Today I am going to share with you what I have learned about the pothos plants. This is one of the hardiest plants I have come across in my life. My experience says that it is one of the plants which is hardest to kill. I have grown it in different media through out my life. I have grown it in water, potting soil, aquaponic system in clay pallets and even submerged in water.
What type of plant is Pothos
As stated in Wikipedia, this plant is a species of flowering plant. Throughout my experience with it, I never once have seen a flower on it. Although it is classified as angiosp, it does not normally flower. The reason for it not to flower is due to genetic impairment of the gibberellin (GA) biosynthetic gene, EaGA3ox1.
Origin and availability of Pothos around the world
This plant is native to Mo’orea in the Society Islands of French Polynesia. it has spread world wide and was available in tropical and subropical areas. Now a days it is avialable worldwide as a common house plant. It is known by different common names such as pothos, Ceylon creeper, hunter’s robe, ivy arum, money plant, silver vine, Solomon Islands ivy, marble queen, and taro vine. It is also called devil’s vine or devil’s ivy because it is almost impossible to kill.
Environment for growing Pothos
This is one of the plants I know that stays green even with insufficient light. It survives well in 17 to 30 °C (63 to 86 °F).
Pothos can be grown into a vine or a bushy cluster in a pot. It grows naturally as a vine and uses aerial roots to climb and adhere to surface on which it climbs. The plant leaves are heart shaped. They grow up to 100 cm (39 in) long and 45 cm (18 in) broad; juvenile leaves are much smaller, typically under 20 cm (8 in) long.
Pothos is a toxic plant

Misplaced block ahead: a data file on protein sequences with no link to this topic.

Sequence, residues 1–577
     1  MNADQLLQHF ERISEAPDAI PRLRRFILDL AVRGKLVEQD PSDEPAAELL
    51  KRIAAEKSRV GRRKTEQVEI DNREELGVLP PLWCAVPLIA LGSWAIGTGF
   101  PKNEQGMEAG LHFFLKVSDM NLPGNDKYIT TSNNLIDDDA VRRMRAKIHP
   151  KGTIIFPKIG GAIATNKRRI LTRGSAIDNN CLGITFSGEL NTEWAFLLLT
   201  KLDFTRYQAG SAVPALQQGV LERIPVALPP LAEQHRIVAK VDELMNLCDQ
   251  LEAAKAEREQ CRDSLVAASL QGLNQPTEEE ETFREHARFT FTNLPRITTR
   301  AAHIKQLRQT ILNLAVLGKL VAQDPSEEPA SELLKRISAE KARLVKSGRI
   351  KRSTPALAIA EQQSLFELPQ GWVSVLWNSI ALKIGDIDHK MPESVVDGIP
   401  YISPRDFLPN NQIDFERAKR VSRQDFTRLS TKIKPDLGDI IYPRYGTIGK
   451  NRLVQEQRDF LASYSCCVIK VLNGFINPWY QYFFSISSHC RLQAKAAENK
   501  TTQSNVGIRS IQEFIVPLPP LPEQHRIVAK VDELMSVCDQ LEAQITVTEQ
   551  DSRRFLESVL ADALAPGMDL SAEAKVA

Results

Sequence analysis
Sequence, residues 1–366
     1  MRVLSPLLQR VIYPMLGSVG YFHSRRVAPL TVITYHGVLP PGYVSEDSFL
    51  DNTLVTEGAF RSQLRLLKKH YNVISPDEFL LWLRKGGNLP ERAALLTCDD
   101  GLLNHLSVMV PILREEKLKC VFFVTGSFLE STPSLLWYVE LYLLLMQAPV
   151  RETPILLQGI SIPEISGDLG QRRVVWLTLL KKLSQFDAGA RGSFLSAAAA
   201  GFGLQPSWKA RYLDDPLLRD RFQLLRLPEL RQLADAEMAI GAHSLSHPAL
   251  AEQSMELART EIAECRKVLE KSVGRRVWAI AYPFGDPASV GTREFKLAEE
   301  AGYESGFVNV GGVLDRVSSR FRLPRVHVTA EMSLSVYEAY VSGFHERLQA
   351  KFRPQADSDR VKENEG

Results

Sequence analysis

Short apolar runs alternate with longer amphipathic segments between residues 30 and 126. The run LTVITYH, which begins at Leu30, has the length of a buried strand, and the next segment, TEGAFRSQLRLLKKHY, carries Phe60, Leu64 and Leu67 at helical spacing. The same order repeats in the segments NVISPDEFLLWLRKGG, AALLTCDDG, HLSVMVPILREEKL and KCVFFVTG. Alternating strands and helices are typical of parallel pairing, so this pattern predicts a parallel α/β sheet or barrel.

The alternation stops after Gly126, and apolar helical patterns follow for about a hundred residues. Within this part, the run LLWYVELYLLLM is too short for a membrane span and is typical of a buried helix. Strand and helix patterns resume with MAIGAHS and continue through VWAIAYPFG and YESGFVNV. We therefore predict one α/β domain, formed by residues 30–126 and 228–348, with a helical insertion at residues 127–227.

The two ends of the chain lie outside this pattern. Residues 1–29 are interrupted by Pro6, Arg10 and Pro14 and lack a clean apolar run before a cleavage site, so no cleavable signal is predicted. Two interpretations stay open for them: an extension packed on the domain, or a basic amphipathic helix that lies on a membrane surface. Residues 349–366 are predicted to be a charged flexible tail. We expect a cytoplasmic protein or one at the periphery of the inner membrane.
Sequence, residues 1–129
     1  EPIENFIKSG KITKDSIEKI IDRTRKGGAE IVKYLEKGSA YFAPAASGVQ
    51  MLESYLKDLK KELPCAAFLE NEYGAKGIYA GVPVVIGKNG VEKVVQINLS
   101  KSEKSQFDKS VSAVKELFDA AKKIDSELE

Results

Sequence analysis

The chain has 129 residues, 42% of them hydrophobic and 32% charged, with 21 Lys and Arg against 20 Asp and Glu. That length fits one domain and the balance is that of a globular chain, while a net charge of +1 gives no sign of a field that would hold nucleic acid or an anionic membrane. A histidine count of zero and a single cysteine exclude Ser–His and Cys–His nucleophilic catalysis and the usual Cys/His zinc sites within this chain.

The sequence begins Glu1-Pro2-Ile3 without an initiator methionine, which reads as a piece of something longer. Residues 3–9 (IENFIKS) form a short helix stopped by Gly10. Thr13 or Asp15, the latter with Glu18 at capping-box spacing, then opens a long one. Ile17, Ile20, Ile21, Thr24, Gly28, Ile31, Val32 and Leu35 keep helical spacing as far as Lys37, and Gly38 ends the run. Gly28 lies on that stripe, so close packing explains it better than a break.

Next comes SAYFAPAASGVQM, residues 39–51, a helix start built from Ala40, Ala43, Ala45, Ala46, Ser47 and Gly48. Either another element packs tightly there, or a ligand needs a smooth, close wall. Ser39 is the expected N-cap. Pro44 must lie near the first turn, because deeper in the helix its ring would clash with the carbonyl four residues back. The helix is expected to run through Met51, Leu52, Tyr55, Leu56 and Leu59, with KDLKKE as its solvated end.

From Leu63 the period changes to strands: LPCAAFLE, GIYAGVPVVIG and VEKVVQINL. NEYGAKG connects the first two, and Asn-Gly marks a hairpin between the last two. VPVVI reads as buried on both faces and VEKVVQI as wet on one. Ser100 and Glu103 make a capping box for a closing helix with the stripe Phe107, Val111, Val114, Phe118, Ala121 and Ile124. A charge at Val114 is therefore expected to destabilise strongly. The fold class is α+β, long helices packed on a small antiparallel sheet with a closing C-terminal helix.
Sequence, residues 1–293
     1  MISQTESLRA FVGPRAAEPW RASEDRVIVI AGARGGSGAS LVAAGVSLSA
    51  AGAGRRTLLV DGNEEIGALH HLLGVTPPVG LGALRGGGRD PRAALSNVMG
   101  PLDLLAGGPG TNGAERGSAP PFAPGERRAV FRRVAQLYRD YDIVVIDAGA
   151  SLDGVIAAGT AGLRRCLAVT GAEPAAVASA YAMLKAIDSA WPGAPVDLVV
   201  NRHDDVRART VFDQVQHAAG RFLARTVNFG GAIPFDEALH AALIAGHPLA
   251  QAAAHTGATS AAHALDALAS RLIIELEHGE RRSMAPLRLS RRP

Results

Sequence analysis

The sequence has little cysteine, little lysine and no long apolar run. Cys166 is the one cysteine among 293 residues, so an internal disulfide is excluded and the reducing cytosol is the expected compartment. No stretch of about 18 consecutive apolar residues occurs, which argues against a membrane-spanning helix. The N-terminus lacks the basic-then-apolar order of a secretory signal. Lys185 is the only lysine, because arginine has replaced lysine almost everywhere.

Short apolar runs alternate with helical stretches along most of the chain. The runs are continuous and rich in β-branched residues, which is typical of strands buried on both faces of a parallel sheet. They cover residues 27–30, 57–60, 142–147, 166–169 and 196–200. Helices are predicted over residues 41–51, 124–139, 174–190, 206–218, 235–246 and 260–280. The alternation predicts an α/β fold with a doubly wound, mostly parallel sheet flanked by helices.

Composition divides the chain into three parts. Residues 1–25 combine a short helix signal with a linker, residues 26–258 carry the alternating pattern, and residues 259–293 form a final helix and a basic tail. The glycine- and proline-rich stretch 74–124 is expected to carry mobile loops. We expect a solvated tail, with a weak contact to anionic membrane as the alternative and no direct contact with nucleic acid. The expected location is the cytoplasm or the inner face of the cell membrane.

ASPCA has listed this plant as toxic for cats and dogs. Due to existence of Calcium Oxalate in this plant it can be mildly toxic to humans as well.
How to propagate Pothos
This plant is propagated easily from cuttings. Small cutting with one or two leaves and one node for root growth is usually sufficient to get a new plant growing. Usually leaving this cutting in water with the leaves above water will start the root system. Once you have the roots growing, you can move it to where you want to grow the plant.
Pothos in aquariums
There are a lot of videos on internet showing the use and growth of pothos in aquariums. I have personally tried them almost all ways to grow it. My best result until now is when I used it in my small hydroponics system. In this system, I have planted the Pothos in clay pallets and is watered regularly using aquarium water. I have not used any fertilizers or chemicals.
Still I have this plant growing large leaves of upto 16 cm as you can see it in the picture below.
I have noticed that the fish is healthy and vibrant in one of the tanks where I have this plant with only roots in the water.
In another tank I have submerged pothos. Both of these methods have helped the water to keep clean of nitrates. The plant uses the nitrates from the aquariums for its own growth. This helps to reduce nitrates from aquariums.
I have tried putting pothos in aquariums and has given excellent results. In aquariums I have planted them with roots only in the water and the plant fully submerged in the water.
The growth result of these different ways of using pothos in aquarium vary. When you plant it with roots only in the water, the roots will grow fast and thick. The leaves on top will grow at a normal rate. If you submerge the plant completely in the water the growth of the plant is slow. Both the roots and the leaves grow slowly underwater. As I stated above, my best result is for growing pothos is when I planted it in a pot of clay pallets and watering it twice to five times a day using aquarium water.